Research Handbooks in Law and Economics series
Edited by Jennifer H. Arlen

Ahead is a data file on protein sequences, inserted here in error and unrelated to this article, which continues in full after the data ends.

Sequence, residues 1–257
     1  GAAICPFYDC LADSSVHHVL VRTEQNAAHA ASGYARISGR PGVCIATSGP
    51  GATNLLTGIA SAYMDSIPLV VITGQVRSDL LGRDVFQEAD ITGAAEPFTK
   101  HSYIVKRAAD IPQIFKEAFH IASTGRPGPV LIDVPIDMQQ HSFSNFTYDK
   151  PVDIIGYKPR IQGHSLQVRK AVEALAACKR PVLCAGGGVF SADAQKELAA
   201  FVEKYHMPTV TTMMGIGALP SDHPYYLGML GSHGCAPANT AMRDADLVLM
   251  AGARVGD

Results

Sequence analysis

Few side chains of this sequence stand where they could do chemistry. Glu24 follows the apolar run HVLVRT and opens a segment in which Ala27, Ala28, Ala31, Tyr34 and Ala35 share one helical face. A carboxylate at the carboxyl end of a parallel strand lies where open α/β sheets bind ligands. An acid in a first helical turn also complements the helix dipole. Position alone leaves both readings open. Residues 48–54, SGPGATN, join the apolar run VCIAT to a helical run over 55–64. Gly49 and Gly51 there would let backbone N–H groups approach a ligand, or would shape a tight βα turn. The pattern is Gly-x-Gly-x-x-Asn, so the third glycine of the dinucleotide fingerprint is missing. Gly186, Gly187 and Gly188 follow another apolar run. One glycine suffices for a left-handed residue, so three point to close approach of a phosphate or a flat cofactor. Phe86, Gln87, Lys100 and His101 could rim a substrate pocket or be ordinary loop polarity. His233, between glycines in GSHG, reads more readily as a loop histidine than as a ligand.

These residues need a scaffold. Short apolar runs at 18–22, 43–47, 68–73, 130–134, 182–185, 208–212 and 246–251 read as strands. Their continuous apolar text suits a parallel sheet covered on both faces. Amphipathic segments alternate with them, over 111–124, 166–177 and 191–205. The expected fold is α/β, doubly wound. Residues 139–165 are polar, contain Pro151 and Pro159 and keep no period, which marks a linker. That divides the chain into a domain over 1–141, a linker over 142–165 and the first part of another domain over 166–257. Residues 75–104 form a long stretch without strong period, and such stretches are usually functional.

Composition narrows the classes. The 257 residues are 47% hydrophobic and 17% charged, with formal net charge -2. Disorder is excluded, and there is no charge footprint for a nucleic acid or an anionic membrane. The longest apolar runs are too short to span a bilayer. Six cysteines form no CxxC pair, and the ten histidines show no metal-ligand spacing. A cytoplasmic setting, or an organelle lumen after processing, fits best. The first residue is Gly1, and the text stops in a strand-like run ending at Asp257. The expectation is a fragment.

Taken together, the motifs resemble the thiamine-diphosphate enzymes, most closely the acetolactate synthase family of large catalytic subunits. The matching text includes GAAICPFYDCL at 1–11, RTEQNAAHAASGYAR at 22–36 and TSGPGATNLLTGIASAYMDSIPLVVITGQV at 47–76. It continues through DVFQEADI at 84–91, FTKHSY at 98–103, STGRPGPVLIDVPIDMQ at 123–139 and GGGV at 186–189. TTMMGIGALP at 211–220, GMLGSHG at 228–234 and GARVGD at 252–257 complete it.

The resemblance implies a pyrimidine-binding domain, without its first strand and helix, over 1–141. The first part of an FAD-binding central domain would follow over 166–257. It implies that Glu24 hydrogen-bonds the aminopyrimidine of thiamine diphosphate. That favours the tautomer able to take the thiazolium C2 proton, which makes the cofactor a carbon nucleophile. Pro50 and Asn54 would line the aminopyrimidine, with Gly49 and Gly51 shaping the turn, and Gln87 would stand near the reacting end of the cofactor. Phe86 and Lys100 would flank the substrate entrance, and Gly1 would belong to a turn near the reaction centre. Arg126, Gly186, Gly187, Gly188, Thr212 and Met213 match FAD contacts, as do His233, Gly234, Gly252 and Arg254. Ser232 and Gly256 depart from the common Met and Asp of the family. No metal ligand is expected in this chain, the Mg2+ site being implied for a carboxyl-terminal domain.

The “new” economic analysis of law began with the economic analysis of torts—with the early analyses focusing on questions such as when does the law need to intervene to internalize externalities (Coase 1960), when should intervention occur through liability rules (Calabresi and Melamed 1972), and what is the optimal structure of liability (e.g.,Shavell 1980a; Landes and Posner 1987). The original economic models of torts tried to provide an economic framework for analyzing accidents that could be applied generally. The resulting simple and elegant models tended to focus on accidents involving one injurer and one victim operating in a world of perfect information, optimal courts, no litigation costs and no insurance. In this world, tort liability is an effective mechanism for inducing optimal investments in care by both injurers and victims when liability is needed to internalize costs, as it is for accidents involving strangers (Calabresi and Melamed 1972; Shavell 1980a; see Landes and Posner 1987) or customers who cannot observe the quality of the goods or services they are purchasing (Spence 1977). Moreover, negligence liability is both effective and low cost. The mere threat of negligence liability is sufficient to induce due care.